By Editorial Staff
I truly believe that if I picked up a bat today and stepped into the Royals lineup that I’d have a shot at hitting .300. Hitting is contagious, and this team has it bad right now. If you look closely, there are always about six batters gathered in the on-deck circle, just salivating for their turn in the box. It’s almost as if the hitters got together and figured out that the only way they’d be able to overcome the pitching woes is to simply out-hit and out-score their opponents.
Lately, the hits have been out of control (in a very good way). They’re averaging 1.64 hits per inning over their past 10 games. Lorenzo Cain made his much anticipated debut for the Royals in Friday night’s game and promptly went 2-5. Welcome to the team, you’re hitting .400.
A couple of weeks ago, I looked at a handful of guys who had a shot at hitting .300. I said that Melky Cabrera and Alex Gordon would achieve that goal, but I noted that Eric Hosmer would have to hit about .385 the rest of the way to make it to the .300 mark. He’s doing it – and becoming the most popular athlete in the city at the same time.
Rookie Catcher Salvador Perez has been nothing but impressive through 34 games. He’s hitting .338, and his OPS of .874 is only 5 points lower than Gordon’s team lead.
Remember when Alcides Escobar was hitting .203 in June? He went on a tear and has been able to hover right around .250 since. If he can get off to a better start next season, he has the capability to hit in the .280 range. Pair that with his Gold Glove quality defense and you’ve got your long-term shortstop.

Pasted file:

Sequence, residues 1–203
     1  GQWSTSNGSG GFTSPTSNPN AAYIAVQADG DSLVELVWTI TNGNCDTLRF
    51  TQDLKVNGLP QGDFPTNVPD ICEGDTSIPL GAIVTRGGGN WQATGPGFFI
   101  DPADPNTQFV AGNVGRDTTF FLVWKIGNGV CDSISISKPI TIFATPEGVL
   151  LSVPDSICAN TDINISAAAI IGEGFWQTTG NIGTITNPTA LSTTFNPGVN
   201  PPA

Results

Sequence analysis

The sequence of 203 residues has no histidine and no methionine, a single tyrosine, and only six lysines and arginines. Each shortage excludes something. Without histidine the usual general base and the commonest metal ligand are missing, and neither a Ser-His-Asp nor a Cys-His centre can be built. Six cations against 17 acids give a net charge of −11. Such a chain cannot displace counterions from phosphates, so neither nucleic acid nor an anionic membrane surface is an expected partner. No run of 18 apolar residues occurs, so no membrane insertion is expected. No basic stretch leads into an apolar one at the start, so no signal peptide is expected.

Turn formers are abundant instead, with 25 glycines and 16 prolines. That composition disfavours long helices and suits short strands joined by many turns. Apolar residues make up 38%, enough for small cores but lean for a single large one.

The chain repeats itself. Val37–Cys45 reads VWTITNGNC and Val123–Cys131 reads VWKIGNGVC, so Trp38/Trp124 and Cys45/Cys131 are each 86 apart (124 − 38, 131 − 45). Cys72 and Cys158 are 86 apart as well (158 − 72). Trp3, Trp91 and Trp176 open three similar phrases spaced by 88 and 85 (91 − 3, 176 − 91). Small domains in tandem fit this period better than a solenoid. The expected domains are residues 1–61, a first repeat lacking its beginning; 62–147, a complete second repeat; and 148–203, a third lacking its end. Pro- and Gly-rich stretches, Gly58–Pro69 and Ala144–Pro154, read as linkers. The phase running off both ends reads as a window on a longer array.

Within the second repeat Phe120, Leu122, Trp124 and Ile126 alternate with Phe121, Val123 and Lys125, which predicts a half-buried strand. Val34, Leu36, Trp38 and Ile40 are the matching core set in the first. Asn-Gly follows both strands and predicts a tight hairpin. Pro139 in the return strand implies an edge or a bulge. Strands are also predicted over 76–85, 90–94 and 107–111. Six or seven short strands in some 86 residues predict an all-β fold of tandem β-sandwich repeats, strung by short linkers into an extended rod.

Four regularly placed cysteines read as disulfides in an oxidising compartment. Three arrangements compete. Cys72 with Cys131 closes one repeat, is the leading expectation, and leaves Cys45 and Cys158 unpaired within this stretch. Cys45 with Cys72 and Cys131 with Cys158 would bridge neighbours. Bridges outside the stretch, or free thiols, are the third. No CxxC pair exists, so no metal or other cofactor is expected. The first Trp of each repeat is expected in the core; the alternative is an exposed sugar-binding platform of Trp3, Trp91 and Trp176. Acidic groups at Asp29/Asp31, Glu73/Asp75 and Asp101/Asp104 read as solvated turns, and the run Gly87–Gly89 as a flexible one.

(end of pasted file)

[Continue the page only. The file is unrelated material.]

How about Mike Moustakas? With all of Hosmer’s success and Moose’s struggles out of the gate, he’s been somewhat forgotten this season. He played 24 games with an average below .200, but something clicked has been impressive lately, and has raised his average to .259. He’s hitting .382 since August 17th, collecting hits in 27 out of those 31 games.
Contagious. Perhaps a sign of the young age of this team. They play loose, and when things are going well, everyone’s on board. You hope to see that become a lasting and consistent quality of this team. They need to have guys step up in times of famine, not just when everyone is feasting.
This squad has put up double-digit hits in 69 of 157 games. Their season high of 21 vs. Colorado came back on July 3rd. On Friday night in Chicago, they put 18 hits on the board. That marked the second time in as many weeks that they did that to the White Sox – enough to put a big smile on the face of any Royals fan, despite the team’s record.
Over the past 10 games, the Royals have put up 10 hits in eight of them. The two that they didn’t? Nine hits. They’re hitting .370 as a team. Now, I realize that hits don’t automatically add up to runs, but they sure don’t hurt. Over that span, the team is 8-2. Coincidence?
Obviously, the philosophy of simply relying on your offense to overcompensate for a lack of quality pitching is not a sustainable one. It’s working right now, and is fun to watch. Royals fans have rewarded the team by showing up in September to pay their dues to this team, who has continued to fight and get better despite being miles away from the pennant chase. It’s going to pay off.
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